Andy Bockelman: ‘Happy Feet’ sequel still dancing up a storm

photo

Andy Bockelman is a member of the Denver Film Critics Society, and his movie reviews appear in Explore Steamboat and the Craig Daily Press.

“Happy Feet Two”

2.5 out of 4 stars

117 minutes

Starring the voices of: Elijah Wood, Alecia Moore, Robin Williams and Brad Pitt.

Now playing at West Theatre in Craig and Carmike Chief Plaza 4 in Steamboat Springs.

If every ballet recital or musical came to a screeching halt because its youngest troupe member did a face-plant and peed themselves out of embarrassment, we’d probably have a lot less opportunities to take in the arts.

Fortunately, when such a thing occurs in “Happy Feet Two,” it’s only the beginning of a bigger story.

Emperor penguins Mumble and Gloria (voices of Elijah Wood, Alecia Moore) have long since found their place in the dancing, singing landscape of their part of Antarctica. Their son, Erik (Ava Acres), isn’t so lucky, feeling ostracized from his more melody-inclined brethren, so much so that he runs away from home.

He believes he’s found his new role model in Sven (Hank Azaria), a northerner who’s already won over the Adélie penguins on the other side of the landmass with something they’ve never seen — a penguin who can fly.

Mumble can’t quite put his flipper on it, but he knows there’s something odd about his son’s new hero.

But, that’s the least of the family’s concerns when a giant iceberg collides with their region, trapping Gloria and the rest of the Emperor population in their valley, leaving Mumble and Erik to save them.

There’s a notable difference between Wood’s vocal tone here and in the original feature, as Mumble’s newfound parenthood gives him a boost of pride and strength in how he speaks. Still, like every dad, he finds communicating with his son difficult, somehow accidentally turning every motivational moment about his boy finding his way into an insult.

But, when he’s speaking through tap-dancing, it would seem that language is universal.

Moore, otherwise known as pop singer P!nk, puts aside her punky persona stepping in for the late Brittany Murphy as warmhearted mother Gloria, who’s more of a chanteuse than a dancer.

Returning in two of his better roles as of late is Robin Williams as Mumble’s diminutive friend Ramon, an Adélie whose attention is devoted to an uninterested female (Sofia Vergara), and Lovelace, the practically spherical Macaroni penguin who serves as the booming mouthpiece for the sensibilities of penguin-kind after his many travels, whereupon he met the South Pole’s newest resident.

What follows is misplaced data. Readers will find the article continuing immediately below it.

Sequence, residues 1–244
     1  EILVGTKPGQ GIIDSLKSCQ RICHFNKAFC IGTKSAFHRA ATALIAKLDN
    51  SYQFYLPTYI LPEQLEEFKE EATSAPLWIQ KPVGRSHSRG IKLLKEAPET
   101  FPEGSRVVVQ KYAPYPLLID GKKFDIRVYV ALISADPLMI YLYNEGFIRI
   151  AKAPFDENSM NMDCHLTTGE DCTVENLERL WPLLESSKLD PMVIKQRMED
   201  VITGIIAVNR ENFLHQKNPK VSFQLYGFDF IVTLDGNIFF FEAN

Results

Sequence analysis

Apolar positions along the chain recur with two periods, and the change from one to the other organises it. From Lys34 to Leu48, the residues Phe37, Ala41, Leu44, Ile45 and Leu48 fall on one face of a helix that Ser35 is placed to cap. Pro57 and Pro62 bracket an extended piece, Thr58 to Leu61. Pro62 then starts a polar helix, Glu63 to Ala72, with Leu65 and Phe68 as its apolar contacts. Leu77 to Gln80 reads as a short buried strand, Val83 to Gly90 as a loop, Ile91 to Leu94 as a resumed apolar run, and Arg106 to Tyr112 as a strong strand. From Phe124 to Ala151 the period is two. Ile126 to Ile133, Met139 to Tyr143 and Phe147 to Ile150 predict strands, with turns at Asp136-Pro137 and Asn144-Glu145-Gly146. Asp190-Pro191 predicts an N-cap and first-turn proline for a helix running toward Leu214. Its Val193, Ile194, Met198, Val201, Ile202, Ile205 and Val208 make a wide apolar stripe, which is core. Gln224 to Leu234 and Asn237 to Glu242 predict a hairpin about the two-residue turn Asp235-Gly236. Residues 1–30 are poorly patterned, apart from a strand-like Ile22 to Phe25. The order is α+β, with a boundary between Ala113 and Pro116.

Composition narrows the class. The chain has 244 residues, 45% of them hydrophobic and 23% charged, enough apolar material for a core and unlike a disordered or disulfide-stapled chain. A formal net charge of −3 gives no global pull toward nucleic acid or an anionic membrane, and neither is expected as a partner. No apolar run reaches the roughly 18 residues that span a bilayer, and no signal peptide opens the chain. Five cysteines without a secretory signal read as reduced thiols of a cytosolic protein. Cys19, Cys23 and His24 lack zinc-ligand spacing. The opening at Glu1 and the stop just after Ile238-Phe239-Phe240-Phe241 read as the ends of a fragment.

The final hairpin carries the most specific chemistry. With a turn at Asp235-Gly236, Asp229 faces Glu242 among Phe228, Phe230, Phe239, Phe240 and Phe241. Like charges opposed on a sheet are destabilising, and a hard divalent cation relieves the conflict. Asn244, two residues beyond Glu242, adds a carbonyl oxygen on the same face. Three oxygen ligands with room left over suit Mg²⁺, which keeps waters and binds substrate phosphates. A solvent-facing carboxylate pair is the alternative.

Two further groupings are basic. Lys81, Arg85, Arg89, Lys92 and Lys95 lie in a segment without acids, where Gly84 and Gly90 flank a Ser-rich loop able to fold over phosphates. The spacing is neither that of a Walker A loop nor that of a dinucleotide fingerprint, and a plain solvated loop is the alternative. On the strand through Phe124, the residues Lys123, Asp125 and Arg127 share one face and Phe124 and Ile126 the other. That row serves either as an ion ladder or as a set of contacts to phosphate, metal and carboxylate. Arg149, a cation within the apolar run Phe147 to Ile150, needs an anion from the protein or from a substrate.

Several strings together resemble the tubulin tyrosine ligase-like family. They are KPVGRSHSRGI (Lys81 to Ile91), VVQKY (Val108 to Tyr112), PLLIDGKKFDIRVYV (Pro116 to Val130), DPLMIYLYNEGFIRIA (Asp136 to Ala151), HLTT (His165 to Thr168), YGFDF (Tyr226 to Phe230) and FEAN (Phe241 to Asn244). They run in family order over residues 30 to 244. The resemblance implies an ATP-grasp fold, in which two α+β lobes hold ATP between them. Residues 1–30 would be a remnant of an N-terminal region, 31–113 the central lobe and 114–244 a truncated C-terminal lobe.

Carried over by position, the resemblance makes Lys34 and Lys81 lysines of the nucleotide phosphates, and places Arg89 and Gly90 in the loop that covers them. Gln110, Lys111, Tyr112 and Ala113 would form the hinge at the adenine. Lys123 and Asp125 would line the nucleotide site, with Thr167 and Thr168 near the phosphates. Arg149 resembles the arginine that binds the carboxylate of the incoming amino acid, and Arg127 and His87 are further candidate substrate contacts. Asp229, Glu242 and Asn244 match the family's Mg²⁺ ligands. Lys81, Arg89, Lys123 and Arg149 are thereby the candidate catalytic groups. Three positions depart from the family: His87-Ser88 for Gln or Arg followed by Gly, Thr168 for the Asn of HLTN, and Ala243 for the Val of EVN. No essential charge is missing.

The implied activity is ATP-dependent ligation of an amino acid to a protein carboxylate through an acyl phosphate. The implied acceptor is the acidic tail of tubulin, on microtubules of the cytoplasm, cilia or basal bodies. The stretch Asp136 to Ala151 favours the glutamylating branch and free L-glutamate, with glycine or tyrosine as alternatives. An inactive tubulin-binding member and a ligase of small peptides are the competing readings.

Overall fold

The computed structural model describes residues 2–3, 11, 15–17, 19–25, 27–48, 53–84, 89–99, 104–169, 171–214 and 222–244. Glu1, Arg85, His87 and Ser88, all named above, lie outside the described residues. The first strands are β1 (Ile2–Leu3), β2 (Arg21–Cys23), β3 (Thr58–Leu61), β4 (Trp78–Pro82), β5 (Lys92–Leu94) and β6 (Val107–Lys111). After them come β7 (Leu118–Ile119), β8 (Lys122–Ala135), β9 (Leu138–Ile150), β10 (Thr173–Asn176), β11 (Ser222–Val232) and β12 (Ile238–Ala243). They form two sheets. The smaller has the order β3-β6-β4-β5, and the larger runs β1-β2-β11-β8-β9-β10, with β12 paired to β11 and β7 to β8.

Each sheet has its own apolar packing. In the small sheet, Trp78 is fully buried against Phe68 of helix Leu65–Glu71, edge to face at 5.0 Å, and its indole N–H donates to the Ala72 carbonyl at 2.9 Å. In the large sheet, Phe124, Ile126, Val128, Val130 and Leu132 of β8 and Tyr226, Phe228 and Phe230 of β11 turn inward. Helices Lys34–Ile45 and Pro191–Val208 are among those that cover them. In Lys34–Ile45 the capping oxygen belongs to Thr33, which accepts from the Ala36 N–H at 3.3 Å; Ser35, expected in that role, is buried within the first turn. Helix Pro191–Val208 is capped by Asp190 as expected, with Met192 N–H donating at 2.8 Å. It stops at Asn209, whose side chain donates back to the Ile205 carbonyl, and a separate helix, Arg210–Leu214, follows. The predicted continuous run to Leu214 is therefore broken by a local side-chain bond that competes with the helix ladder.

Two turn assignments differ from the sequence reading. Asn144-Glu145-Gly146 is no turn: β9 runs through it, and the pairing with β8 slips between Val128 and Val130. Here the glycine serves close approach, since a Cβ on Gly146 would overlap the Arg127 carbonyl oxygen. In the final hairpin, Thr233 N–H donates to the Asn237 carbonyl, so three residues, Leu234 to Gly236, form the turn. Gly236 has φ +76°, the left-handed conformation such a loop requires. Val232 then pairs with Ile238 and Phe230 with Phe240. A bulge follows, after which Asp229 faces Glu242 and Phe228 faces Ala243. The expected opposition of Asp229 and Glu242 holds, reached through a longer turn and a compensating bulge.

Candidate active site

You’d almost expect to hear “yumpin’ yiminy” as Azaria goes full bore providing a thick Scandinavian accent for Sven, who soars as a self-help guru telling penguins all they have to do to get what they want is envision it, all the while conveniently keeping the secret that he’s actually a puffin.

As long as we’re talking about other species, the smallest members of the ensemble steal the show with two voice actors you really wouldn’t expect. Plumbing below the glacial waters, we meet Will the krill (Brad Pitt), a teeny crustacean who seeks to break away from the swarm of his relatives and move up the food chain, a concept that terrifies his companion, Bill (Matt Damon), but as Will points out, he’s destined for greatness.

In fact, he’s one in a krillion.

Hearing two of Hollywood’s biggest hunks voice bug-eyed fodder for larger marine animals is just one of the audible benefits of this sequel, which places more importance on fun than the heavy-headed morals of its predecessor.

It’s hardly a surprise to find out halfway through when the movie is prefaced by a 3-D-oriented revamp of the classic “Looney Tunes” short, “I Tawt I Taw a Puddy Tat.”

Make no mistake, Warner Bros. still knows how to package the films it distributes, in this case from Australian studio Village Roadshow Pictures and director George Miller, who also handled the first film. The animation is no less dazzling and layered in this follow-up, even if the plot isn’t.

Does it really make sense in terms of conflict to have a protagonist whose son he understands perfectly as a fellow late bloomer and yet, he still can’t impart any wisdom?

The fact that Erik has inherited his father’s blue eyes and scruffy, fluffy feathers with a bow tie design on his chest is especially confusing.

Is the writing team trying to say Mumble and son have some kind of bond in the way they look, or are they saying the two identical outsiders have no uniqueness among the sea of black and white that surrounds them?

But, even if this quandary drives you crazy, at least the offbeat musical elements will distract you from the story details, with snippets of Queen tunes prominent, as well as P!nk’s wonderful showstopper, “Bridge of Light,” almost certain to snag a Best Song nomination come Oscar time.

As is the case with many sophomore entries in a series, “Happy Feet Two” isn’t as innovative as the movie that charmed us five years ago. Then again, it’s still the best movie of the year centered on the flightless birds.

Did the stars of “Mr. Popper’s Penguins” suddenly break out into an operatic aria? I don’t think so…

Now playing at West Theatre in Craig and Carmike Chief Plaza 4 in Steamboat Springs.

Click here to have the print version of the Craig Daily Press delivered to your home.

Comments

Use the comment form below to begin a discussion about this content.

Requires free registration

Posting comments requires a free account and verification.